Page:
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DOD Redoubles Its Efforts to Lower Costs Via RFID

Paul Peters, the deputy assistant secretary of defense for supply chain integration, says his department is launching a second phase of RFID deployment, focused on reducing inventory and increasing efficiency.
By Claire Swedberg
One pilot conducted during the past two years was managed by the DLA, which is currently in the process of deploying EPC Gen 2 passive ultrahigh-frequency (UHF) RFID tags to track the receipt of supplies at 26 DLA distribution depots, based on the results of testing the technology at one such depot (see Printer-Encoder Order Represents New DOD Milestone and DOD Grants ODIN $14.6 Million Contract). By reading the tags, Peters explained, the agency was able to increase productivity and reduce errors.

The U.S. Air Force's Automatic Identification Technology (AIT) program (see RFID Takes Hold in the U.S. Air Force) tested RFID tags on more than 12,000 assets, including nuclear weapons materials. By using RFID, the Air Force was able to reduce inventory labor by 60 percent.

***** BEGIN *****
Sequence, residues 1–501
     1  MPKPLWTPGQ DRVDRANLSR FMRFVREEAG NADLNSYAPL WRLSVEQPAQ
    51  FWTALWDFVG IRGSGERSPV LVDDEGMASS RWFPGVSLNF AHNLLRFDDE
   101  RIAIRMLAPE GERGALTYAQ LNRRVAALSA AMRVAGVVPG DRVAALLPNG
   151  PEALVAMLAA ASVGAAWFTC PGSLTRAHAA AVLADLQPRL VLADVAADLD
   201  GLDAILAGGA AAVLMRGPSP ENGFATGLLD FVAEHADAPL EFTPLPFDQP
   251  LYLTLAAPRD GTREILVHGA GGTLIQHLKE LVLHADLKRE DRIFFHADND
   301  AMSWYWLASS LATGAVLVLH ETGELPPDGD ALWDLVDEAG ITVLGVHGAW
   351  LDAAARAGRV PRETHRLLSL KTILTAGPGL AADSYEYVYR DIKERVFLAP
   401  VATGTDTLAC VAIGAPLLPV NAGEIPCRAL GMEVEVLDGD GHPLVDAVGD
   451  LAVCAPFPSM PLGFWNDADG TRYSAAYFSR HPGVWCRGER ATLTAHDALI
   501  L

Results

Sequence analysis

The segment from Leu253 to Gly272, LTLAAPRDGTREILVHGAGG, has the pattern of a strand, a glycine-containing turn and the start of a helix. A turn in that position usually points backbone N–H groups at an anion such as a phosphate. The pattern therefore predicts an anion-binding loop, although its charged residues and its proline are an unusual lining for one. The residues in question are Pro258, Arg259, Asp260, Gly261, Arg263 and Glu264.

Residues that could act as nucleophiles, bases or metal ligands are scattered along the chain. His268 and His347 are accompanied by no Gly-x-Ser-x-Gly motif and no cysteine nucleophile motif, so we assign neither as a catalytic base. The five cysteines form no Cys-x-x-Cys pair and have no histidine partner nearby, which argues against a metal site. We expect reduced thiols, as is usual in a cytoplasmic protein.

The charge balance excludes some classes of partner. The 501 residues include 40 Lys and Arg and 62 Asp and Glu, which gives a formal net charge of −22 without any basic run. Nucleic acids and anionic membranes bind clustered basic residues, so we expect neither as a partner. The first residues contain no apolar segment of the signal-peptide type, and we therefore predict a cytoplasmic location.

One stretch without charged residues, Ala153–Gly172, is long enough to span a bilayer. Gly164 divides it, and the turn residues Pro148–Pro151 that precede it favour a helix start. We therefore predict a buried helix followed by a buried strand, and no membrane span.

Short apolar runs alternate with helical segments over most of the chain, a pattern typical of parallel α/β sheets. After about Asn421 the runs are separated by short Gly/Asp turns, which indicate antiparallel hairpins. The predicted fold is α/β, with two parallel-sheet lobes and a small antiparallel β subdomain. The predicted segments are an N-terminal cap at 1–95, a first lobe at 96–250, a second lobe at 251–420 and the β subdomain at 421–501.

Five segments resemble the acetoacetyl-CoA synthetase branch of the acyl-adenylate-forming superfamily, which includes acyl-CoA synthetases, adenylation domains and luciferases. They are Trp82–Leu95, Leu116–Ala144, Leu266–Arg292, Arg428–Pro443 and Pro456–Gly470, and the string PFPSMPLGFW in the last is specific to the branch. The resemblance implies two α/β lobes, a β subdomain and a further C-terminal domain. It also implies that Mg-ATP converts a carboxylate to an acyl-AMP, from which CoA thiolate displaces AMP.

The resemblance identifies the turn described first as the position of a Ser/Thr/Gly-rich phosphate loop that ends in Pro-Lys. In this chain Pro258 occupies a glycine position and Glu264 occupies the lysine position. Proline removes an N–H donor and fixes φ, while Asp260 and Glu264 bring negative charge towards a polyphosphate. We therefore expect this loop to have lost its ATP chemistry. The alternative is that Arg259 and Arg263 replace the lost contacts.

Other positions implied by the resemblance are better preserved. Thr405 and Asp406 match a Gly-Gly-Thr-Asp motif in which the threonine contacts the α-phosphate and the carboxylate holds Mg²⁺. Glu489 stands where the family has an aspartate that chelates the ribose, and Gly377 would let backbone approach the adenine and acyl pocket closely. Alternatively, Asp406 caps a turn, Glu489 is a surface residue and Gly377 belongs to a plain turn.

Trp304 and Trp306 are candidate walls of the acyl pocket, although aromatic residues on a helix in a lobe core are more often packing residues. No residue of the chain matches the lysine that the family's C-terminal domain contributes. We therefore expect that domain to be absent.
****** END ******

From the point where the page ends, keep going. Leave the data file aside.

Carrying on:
The U.S. Marine Corps employed RFID tags to track containers destined for shipment, in order to manage the prepositioning of those containers (see U.S. Marines' Blount Island Command Attaches Passive Tags to Containers). The system provided improved visibility regarding the locations of supplies, Peters said. U.S. Transportation Command (TRANSCOM) used an in-transit visibility solution employing active RFID and satellite technologies to provide intrusion detection of containers, and thereby reduce pilferage. According to Peters, the results of those pilots have convinced the DOD that the agency is now ready to enter phase two.

"Going forward, it's time to take that home," Peters said. "Our view is, Let's achieve the benefit from end to end across the supply chain. It would be fair to say the research and development has laid a pretty good foundation over the next five years to accelerate and expand from individual pilots across the DOD supply chain."

Beyond gaining experience from pilots, the department is also motivated to proceed into a new phase of RFID adoption due to advances in RFID technology; both active and passive tags have become less expensive, and readers have become more robust to operate in harsh environments. In addition, there has also been movement toward more open standards, Peters noted, "so greater interoperability will facilitate deployments that could reach across a supply chain and operate globally."

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